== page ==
The Trump administration says the tariffs are necessary to preserve the American industries—and that doing so is a national security imperative. But Trump's latest tweets suggest he's also using the upcoming tariffs as leverage in ongoing talks to revise the North American Free Trade Agreement. The latest round of a nearly year-long renegotiation effort is concluding this week in Mexico City. — Associated Press

February 14, 2020 - 8:19am

The United States on Thursday granted Huawei another 45 days to sell to American companies while they search for alternatives to the Chinese telecommunications giant that Washington views as a security threat.

The extension will "allow existing telecommunication providers -- particularly those in rural US communities -- the ability to continue to temporarily and securely operate existing networks," the Commerce Department said in a statement.

The decision to provide yet another extension came hours after Washington hit the company with criminal charges alleging a "decades-long" effort to steal trade secrets from American companies. — AFP

January 16, 2020 - 12:59pm

The United States and China have signed a truce in their trade war after nearly two years of tensions, bringing relief to markets but largely leaving massive tariffs in place.

The 'phase one' deal is also a boon for Donald Trump as he faces an impeachment trial and a tough re-election fight this year, with the president hailing the agreement as "momentous".

However, with tariffs still in place on two-thirds of more than $500 billion in imports from China, US consumers and businesses will be left to foot the bill.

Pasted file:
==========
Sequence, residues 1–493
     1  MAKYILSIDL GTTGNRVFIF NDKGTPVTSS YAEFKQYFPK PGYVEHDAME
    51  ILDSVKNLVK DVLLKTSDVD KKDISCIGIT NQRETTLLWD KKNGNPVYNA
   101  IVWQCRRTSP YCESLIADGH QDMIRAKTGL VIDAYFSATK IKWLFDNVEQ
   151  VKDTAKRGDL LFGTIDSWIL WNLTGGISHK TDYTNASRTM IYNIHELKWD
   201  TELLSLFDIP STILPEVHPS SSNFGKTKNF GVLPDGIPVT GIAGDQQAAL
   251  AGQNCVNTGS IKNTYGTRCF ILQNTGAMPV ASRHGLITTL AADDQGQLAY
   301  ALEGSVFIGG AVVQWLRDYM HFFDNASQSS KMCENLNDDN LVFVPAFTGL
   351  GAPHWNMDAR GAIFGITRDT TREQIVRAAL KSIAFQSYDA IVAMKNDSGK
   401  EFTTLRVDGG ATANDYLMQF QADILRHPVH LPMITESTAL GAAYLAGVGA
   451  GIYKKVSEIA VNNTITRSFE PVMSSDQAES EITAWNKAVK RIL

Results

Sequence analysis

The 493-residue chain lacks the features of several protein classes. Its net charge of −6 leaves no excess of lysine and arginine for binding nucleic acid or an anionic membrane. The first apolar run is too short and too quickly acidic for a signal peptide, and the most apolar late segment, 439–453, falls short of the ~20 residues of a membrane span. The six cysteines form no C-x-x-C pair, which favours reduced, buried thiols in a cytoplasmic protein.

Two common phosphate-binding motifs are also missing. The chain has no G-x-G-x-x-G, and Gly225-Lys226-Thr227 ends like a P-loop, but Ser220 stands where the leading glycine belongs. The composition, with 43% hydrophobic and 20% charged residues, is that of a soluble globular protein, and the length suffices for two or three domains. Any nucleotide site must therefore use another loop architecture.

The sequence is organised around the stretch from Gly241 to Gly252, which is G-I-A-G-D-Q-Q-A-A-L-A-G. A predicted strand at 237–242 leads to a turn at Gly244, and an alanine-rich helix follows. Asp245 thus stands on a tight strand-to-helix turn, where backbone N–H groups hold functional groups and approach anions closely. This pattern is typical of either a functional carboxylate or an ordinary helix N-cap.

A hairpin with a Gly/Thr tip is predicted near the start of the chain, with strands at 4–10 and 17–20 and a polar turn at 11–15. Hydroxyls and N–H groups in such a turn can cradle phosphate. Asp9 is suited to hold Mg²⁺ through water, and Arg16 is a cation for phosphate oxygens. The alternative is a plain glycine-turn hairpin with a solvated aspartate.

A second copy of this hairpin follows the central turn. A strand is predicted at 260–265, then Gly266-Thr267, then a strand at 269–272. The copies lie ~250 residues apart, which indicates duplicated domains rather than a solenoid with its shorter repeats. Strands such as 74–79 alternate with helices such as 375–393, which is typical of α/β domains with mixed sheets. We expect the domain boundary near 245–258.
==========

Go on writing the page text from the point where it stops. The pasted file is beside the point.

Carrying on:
The agreement, part of a wider pact, includes pledges from China to beef up purchases of US agricultural goods and other exports for two years, provides some protections for US technology, and new enforcement mechanisms that allow Washington to quickly impose penalties that Beijing cannot respond to. — AFP

January 15, 2020 - 9:32pm

The United States can increase tariffs on Chinese goods if Beijing fails to live up to the partial trade deal the two countries are set to sign Wednesday, Treasury Secretary Steven Mnuchin says.

"The president has the ability to put on additional tariffs," Mnuchin says on CNBC when asked about how the agreement will be enforced.

The "phase one" agreement will call a truce after nearly two years of trade conflict. — AFP

January 9, 2020 - 5:27pm

China says Vice Premier Liu He will travel to Washington next week to sign the "phase one" deal with the United States that has lowered trade tensions between the world's two biggest economies.

The signing will cap a nearly two-year spat that threatened to throttle the global economy as the two countries exchanged tariffs on hundreds of billions of dollars worth of two-way trade.

Liu, China's top negotiator in the trade conflict, will be in the US capital from Monday to Wednesday to sign the deal, the commerce ministry says. — AFP

December 19, 2019 - 3:45pm

China announces Thursday a list of US chemicals that will be exempted from import tariffs, just under a week after Beijing and Washington agreed a trade agreement that a dialled down tensions between the two.

The world's biggest economies have exchanged blows for more than a year, on Friday announced a mini-agreement to reduce some levies in a bruising trade war that has dragged on global growth.

Beijing released a list Thursday of products that will no longer be subject to the tariffs, including certain types of industrial glue and adhesives, industrial polymers and types of paraffin, which can be found in cosmetics and food.

The exemptions will come into force from December 26 until December 25 next year, according to a statement from the Customs Tariff Commission of the State Council.

— Agence France-Presse